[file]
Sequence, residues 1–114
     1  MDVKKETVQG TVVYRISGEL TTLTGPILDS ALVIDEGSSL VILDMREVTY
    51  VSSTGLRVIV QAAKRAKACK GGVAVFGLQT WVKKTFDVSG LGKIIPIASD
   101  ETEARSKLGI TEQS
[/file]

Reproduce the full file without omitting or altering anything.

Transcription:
Sequence, residues 1–114
     1  MDVKKETVQG TVVYRISGEL TTLTGPILDS ALVIDEGSSL VILDMREVTY
    51  VSSTGLRVIV QAAKRAKACK GGVAVFGLQT WVKKTFDVSG LGKIIPIASD
   101  ETEARSKLGI TEQS